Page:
6 Survival Tactics of Happy Couples
Number four may shift the trajectory of a failing relationship.
Posted Jul 19, 2018
It's not enough for two people to be well-suited for each other: Today's relationships need to be able to withstand a diverse set of potentially toxic pressures. Work stress, money trouble, unexpected losses, transitions, and expectations from friends and family . . . for a relationship to be successful, couples need habits that help them manage the challenges that come from everyday life.
What tactics do happy couples use to protect their relationships in the face of everyday stress?
Relationship scientists are eager to identify the specific behaviors that not only help couples survive daily hassles and challenges, but help them thrive despite pressures and stressors from outside of the relationship. If strained, some couples rebalance quickly; if burdened, they somehow keep their relationship safe. How?
1. They seek the big picture. The term psychological distancing sounds oddly negative, but it's actually an adaptive tactic under stress that promotes relationship well-being by encouraging perspective taking. Instead of making a judgment about your relationship by concrete, in-the-moment events, like a conflict or argument, psychological distancing lets you see the big picture (Solomon et al., 2016), and frees up your reasoning to make more positive assessments of your relationship.
2. They manage the physiological stress link. If one person in a couple is experiencing stress, the other person is too. Research shows that cortisol (a stress hormone) co-varies in romantic partners, and that women's cortisol stress resonance is synchronized to the daily cortisol secretion of their partners (Engert, Ragsdale, & Singer, 2018). In other words, couples are physiologically linked when it comes to stress. Given that stress is not an isolated experience in a romantic relationship, couples who recognize the shared experience of stress could be better off, setting in motion intervention behaviors (e.g., exercise, sleep) for both members of a couple during one person's stressful time.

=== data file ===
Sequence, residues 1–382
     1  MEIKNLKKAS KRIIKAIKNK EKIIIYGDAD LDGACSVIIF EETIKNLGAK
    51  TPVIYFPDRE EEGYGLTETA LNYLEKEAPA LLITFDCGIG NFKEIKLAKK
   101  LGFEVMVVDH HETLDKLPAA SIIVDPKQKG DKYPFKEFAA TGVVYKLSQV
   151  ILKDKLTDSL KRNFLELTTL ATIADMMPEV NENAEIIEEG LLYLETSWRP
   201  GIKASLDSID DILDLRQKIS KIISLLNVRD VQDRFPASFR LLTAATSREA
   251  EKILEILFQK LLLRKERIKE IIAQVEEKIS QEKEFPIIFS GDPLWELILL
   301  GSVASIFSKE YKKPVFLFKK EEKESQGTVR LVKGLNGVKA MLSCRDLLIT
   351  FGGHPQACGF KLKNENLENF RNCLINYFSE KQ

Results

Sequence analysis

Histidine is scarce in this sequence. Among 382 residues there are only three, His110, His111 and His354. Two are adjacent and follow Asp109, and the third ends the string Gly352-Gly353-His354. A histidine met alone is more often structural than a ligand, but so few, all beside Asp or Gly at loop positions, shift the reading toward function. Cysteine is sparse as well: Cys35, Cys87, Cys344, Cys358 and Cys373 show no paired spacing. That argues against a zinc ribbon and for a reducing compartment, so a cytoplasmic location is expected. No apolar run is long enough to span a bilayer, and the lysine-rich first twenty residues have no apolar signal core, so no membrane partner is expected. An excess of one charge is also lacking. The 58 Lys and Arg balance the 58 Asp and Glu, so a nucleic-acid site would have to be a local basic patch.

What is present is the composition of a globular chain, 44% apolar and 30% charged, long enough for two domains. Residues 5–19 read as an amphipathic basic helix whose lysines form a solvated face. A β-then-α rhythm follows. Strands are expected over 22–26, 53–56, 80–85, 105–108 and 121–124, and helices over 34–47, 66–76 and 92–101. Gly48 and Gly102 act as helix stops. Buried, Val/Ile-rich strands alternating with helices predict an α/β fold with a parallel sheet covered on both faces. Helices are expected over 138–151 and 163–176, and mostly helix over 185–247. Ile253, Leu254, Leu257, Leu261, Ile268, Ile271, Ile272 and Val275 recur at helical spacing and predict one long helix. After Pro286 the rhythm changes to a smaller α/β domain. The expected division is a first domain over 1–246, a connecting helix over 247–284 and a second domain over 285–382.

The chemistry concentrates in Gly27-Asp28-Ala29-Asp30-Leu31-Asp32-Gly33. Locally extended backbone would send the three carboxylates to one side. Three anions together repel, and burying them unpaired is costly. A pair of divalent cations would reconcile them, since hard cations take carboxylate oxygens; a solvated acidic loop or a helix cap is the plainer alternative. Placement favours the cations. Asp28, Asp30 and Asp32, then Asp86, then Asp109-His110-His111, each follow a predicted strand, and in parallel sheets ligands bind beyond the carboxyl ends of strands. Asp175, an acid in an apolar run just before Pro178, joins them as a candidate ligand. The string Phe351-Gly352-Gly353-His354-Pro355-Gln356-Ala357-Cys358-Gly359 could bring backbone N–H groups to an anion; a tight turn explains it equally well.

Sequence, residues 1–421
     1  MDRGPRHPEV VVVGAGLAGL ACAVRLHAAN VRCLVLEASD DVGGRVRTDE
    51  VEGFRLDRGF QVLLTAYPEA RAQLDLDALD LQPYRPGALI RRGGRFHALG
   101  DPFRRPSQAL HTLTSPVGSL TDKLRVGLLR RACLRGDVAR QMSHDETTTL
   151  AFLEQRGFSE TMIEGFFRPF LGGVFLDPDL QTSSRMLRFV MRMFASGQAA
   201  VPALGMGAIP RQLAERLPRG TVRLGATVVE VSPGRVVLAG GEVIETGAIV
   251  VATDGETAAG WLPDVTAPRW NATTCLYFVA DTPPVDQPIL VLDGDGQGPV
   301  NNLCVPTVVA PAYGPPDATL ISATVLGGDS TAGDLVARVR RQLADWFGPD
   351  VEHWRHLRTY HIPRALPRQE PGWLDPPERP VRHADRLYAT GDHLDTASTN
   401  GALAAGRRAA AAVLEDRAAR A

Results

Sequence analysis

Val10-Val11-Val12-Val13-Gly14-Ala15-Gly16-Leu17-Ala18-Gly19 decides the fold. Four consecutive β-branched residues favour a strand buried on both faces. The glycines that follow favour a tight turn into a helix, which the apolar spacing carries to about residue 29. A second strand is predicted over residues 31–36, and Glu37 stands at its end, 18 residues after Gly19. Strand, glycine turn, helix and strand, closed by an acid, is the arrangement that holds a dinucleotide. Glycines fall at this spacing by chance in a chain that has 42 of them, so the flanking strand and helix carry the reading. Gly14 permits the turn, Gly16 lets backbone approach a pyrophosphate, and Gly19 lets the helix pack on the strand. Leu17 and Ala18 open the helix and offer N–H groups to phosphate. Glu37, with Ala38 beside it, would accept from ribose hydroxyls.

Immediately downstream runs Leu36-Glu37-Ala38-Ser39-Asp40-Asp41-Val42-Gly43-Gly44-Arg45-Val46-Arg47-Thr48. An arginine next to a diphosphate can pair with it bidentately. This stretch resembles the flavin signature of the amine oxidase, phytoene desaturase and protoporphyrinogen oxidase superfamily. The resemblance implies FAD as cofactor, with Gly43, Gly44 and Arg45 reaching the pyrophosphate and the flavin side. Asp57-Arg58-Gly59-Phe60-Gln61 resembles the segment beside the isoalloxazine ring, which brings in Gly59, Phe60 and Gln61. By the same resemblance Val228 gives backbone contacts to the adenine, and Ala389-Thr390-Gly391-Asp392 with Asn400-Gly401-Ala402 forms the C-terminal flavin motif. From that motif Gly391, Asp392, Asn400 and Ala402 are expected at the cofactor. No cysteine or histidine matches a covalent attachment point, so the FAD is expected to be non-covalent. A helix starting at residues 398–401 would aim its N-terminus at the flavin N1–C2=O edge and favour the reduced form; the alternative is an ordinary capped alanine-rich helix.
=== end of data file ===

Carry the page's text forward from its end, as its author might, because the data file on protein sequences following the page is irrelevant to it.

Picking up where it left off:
3. They work on being mentally present. Are you thinking ahead to a goal in the future, writing a mental to-do list, or multi-tasking when your partner talks? Mindfulness is a helpful tool during relationship stress, predicting less emotional reactivity, better anxiety levels after a conflict, and stronger user of certain positive communication skills (Barnes et al., 2007). Couples who exercise mindfulness in their interactions may be supporting each others' ability to cope with life's many stressors.
4. They express gratitude. Simple habits of showing your partner that you appreciate him or her can go a long way towards strengthening a relationship. Recent research identifies spousal gratitude (i.e., feeling appreciated by your partner) as a protective factor against divorce (Barton, Futris, Nielsen, 2015). Giving and receiving gratitude appear to be central factors that stabilize and nurture a relationship.